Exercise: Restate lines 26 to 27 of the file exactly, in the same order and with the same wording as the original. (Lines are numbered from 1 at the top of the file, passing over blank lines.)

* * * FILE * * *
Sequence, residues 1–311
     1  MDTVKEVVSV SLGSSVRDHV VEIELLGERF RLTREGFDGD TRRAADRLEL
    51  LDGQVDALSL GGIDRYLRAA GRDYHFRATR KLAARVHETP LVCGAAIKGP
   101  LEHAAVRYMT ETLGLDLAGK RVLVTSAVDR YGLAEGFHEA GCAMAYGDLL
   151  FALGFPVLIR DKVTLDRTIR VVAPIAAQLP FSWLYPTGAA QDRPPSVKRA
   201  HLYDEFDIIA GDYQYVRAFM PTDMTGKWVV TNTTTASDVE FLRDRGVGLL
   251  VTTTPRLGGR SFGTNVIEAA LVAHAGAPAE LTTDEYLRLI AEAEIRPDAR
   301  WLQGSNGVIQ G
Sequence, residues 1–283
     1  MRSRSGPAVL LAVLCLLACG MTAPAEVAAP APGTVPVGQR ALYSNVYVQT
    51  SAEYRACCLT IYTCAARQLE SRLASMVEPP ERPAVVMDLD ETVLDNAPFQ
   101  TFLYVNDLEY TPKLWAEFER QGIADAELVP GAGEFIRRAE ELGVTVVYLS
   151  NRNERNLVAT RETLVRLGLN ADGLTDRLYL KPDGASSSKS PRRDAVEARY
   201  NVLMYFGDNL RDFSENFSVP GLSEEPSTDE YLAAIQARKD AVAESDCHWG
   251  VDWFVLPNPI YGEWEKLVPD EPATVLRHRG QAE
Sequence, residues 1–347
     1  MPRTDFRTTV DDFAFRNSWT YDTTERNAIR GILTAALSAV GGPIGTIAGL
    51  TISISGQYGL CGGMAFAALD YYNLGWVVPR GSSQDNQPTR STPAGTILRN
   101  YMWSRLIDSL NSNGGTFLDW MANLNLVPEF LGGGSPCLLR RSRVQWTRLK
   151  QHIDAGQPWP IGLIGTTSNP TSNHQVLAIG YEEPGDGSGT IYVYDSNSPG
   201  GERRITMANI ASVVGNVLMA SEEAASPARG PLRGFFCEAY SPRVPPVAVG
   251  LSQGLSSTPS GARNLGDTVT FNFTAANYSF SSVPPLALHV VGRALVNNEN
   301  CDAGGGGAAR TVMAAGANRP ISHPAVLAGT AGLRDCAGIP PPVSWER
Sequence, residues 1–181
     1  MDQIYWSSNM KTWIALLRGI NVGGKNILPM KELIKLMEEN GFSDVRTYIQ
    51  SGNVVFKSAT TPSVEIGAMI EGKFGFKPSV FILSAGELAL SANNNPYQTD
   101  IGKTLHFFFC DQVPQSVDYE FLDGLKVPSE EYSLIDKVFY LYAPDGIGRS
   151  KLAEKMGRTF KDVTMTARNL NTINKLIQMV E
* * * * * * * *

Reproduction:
    51  SGNVVFKSAT TPSVEIGAMI EGKFGFKPSV FILSAGELAL SANNNPYQTD
   101  IGKTLHFFFC DQVPQSVDYE FLDGLKVPSE EYSLIDKVFY LYAPDGIGRS